Fast blue RR                                                                        0.05g
Sodium chloride                                                                 1.0g
10% magnesium chloride                                                0.5mL
0.1M Acetate buffer (pH 5.0) to                                       50mL
Reddish-brown bands visible in the gel. Fix the gel using 50% ethanol.
 


References
1.  De, K K and Roy, S C (1984) Theor appl Genetics 68 285.
 
 
v) Glutamine Synthetase
Enzyme Extract. See under 'Glutamine synthetase'
Mix the following solutions:
Tris Sigma 7-9 (Sigma T.1328)                        0.1M       36mL
Imidazole-HCl                                                      1M          10mL
Hydroxylamine HCl                                            0.8M       10mL
Magnesium Monosodium glutamate                              3M          0.74mL
Adjust to pH 7.7 with NaOH.                              0.8M       21mL
Incubate the gel at 32°C for 10 min.
Add 14.5mL of 0.2M ATP solution to the above mixture and continue the incubation for 50min. Terminate the reaction by adding 80mL of a mixture consisting of ferric chloride hexahydrate (55g/L), trichloroacetic acid (20g/L) and Cone. HCl (21mL/L).
The isozymes appear as purple bands against yellow background and are not permanent unless stored at 4°C.
 


References
1.  Atkins, A, Pate, J S and Shelp, B J (1984) Plant Physiol 76705.
 
 
vi) Phosphoenol Pyruvate Carboxylase (PEP Case)
 Enzyme Extract
Homogenize the plant tissue in ice-cold 100mM Tris-HCl (pH 7.8), 10mM magnesium chloride, 10mM sodium bicarbonate, 2% polyvinyl pyrrolidone, 1mM EDTA and 15mM 2-mercaptoethanol. Centrifuge at 30,000 X g for 45 min and use the supernatant.
Incubate the gel in a solution of 100mM Tris-HCl (pH 8.0), 10mM magnesium chloride, 200mM calcium chloride, 10mM sodium bicarbonate and 5mM phosphoenol pyruvate for 30 min at 40°C. During the incubation white bands of precipitate develop indicating the position of enzymes on the gel. The phosphate released by the enzyme action is precipitated as white calcium phosphate in the gel and is stable for many hours.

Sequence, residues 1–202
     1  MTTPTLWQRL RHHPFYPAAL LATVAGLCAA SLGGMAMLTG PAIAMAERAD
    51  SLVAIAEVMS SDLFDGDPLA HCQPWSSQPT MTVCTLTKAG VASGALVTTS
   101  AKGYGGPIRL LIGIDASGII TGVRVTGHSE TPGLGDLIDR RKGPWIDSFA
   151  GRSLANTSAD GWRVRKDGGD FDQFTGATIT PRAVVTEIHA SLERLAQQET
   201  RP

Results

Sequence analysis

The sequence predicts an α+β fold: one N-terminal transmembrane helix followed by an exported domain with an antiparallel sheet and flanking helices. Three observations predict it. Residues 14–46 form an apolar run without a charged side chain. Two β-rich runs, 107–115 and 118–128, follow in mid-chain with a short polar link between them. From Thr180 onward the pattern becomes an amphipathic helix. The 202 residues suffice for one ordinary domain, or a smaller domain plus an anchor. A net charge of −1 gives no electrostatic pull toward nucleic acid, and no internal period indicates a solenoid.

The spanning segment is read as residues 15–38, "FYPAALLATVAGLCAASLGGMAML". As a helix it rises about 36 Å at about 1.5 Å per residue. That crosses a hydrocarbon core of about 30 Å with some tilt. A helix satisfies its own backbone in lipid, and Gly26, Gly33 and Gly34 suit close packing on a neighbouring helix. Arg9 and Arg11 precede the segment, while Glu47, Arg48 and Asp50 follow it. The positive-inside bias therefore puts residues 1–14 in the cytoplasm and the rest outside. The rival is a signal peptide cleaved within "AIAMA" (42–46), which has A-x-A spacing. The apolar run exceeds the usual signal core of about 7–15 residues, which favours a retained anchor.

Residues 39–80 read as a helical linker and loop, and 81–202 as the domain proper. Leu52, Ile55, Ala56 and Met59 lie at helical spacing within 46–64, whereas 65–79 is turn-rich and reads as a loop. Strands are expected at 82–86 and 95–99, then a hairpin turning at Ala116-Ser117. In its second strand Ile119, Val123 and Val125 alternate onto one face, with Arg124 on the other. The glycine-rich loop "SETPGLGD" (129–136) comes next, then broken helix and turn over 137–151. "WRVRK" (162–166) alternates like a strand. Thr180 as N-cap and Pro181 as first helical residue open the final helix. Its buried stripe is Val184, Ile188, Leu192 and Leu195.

References
1. Francis, K and Gnanam, A (1979) Experientia 35 23.
 
 
vii) Glutamate Dehydrogenase
Enzyme Extract. See under 'Glutamate dehydrogenase
Incubate the gels in a solution containing 8mM monosodium glutamate, 0.2mM methylthiazol tetrazolium (MTT) or nitrobluetetrazolium (NBT), 0.1mM phenazine methosulphate, 0.2mM NAD, 1.2mM sodium cyanide in 200mM Tris-HCl buffer pH 7.5. The staining solution for glutamate dehydrogenase (NADP-dependant) contains 0.2mM NADP instead of NAD.
 


References
1.  Nash, D T and Davies, M E (1975) Phytochem 14 2113.
 
 
viii) Indolylacetic Acid Oxidase (See under IAA oxidase)
Enzyme Extract
Incubate the gel in staining mixture of 1mg potassium indoleacetate, 0.08mg 2,3,6-trichlorophenol and 2mg Fast blue BB per mL in 60mM phosphate buffer (pH 6.0) at 30°C for sufficient time (preferably overnight).
 


References
1.  Endo, T (1968) Plant Cell Physiol 9333.
 
 
ix) Malate Dehydrogenase
Enzyme Extract
Proceed as described previously.
First preincubate the gels for 15-20 min in 200mM Tris-HCl (pH 7.5) buffer. Then transfer the gel to a solution containing 16mM L-malate, 0.2mM NAD, 0.25mM methylthiazol tetrazolium, 0.8mM phenazine methosulfate, 4mM MgCl2 and 1.2mM sodium cyanide in 200mM Tris-HCl (pH 7.5) buffer. To stain MDH (NADP-dependant), use NADP instead of NAD.
 


References
1.  Honold, G R, Farkas, G L, Stahmann, M A (1966) Cereal Chem 43 517.
 
 
x) Sucrose synthase
Enzyme Extract
Proceed as described previously for assay
Incubate the gels in a reaction mixture containing 20mM HEPES-KOH buffer (pH 7.5), 0.1 M sucrose and 2mM UDP for 30 min at 37°C. Rinse thoroughly in distilled water and incubate in 1N NaOH containing 1% (w/v) triphenyl tetrazolium chloride (TTC) for 10 minutes to develop color. Sucrose synthase bands appear red colored due to formation of formazon.
 


References
1.  Morell, M and Copeland, S (1985) Plant Physiol 78 149.
 
 
xi) Aspartate aminotransferase
Enzyme Extract
As described previously for assay
Incubate the gels in 100mM Tris-HCl buffer (pH 7.5) containing 40mM aspartate, 5mM 2-oxoglutarate and 1 mg/ml Fast violet B salt, in darkness for 30 min at 40°C.
 


References
1.  Grifith, SM and Vance, CP (1989) Plant Physiol 90 1622.
 
 
xii) Glutamate synthase
Enzyme Extract
As described previously for assay
Preequilibrate the gels in 200mM potassium phosphate buffer (pH 7.5) for 30 minutes. Incubate in 100mM potassium phosphate buffer (pH 7.5) containing 30mM NAD(P)H, 15mM 2-oxoglutarate and 15mM glutamine for 60 minutes at room temperature. Rinse the gels 3 times in 100mM Tris-HCl (pH 8.5) and incubate in a staining solution containing 50mM Tris -HC1 (pH 8.5), 5mg/ml nitroblue tetrazolium (NBT) and 0.6mg/ml phenazine methosulphate (PMS). GOGAT activity is indicated by negative staining (clear bands on a purple gel) due to the presence of NAD+.
 


References
1.  Matoh, T, Ida, S and Takahashi, E (1980) Plant Cell Physiol 21 1461.